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Supreme Court registry junks government plea seeking administrative allocation of spectrum

The Supreme Court registry has rejected a plea by the Union government that sought clarification on whether certain spectrum allocations can be undertaken administratively without holding competitive auctions. Calling it a ‘review’ petition filed in the guise of a ‘clarification’, the registry said in a recent order that the application, in the nature of clarification, in effect seeks review of the 2012 judgment after a lapse of over 11 long years, which is impermissible in law.

In 2012, the apex court had delivered a significant judgment in the 2G spectrum allocation case, saying that the government’s policy of allocating spectrum on a first-come-first-serve basis was illegal as it involved an element of pure chance or accident.

As a result, the top court had set aside 122 2G spectrum licences that were awarded through this policy. The court had categorically stated that in cases of alienation of scarce natural resources like spectrum, it is the burden of the state to ensure that a non-discriminatory method is adopted for distribution and alienation.

Rejecting the plea, the registry said that the government made out no reasonable cause for it to be entertained.

The registry pointed out that the government and several other telecom companies, such as Videocon Telecommunications, Tata Tele and Idea Cellular, had attempted to file a review petition after the 2012 judgment. However, all of them were dismissed by the top court.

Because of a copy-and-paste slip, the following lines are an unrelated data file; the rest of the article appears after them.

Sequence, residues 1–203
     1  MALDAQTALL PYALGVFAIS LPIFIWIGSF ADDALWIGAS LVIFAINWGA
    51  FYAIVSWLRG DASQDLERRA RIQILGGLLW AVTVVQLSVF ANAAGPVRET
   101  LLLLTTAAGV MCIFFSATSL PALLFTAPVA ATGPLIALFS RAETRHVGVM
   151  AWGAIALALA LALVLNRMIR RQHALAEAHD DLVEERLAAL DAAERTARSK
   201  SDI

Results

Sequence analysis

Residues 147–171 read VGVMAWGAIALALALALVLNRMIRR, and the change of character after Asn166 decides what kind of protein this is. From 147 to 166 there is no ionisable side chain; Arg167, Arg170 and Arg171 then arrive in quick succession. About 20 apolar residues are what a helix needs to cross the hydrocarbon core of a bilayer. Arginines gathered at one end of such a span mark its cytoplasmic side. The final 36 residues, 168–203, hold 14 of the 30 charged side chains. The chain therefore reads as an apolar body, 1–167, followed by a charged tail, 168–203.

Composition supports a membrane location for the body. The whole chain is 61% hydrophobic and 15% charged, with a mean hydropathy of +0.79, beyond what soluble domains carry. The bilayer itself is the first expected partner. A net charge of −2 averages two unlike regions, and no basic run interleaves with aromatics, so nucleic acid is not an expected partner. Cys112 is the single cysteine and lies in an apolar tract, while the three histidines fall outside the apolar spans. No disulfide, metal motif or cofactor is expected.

“Post-exercise of constitutional remedy against the Supreme Court judgment and withdrawing the review petition does not now entitle the applicant to file the present application, which has no mandate in law,” the registry said.

Earlier this month, the government sought appropriate clarification from the top court to firm up an assignment framework, including different methods of assignment other than auction in suitable cases.

In its plea, the government said that spectrum allocation is undertaken not only for commercial telecommunication services but also for non-commercial use for the discharge of sovereign and public interest functions and administrative allocations of spectrum will be crucial to realise the full potential of telecommunications.

Incidentally, the Telecommunications Bill 2023 includes administrative spectrum allocation for certain government functions, such as defence, railways and police, and for cases in respect of which auctions are not technically or economically preferred or optimal — in the case of captive use, radio backhaul or one-time or sporadic use. NDTV Profit

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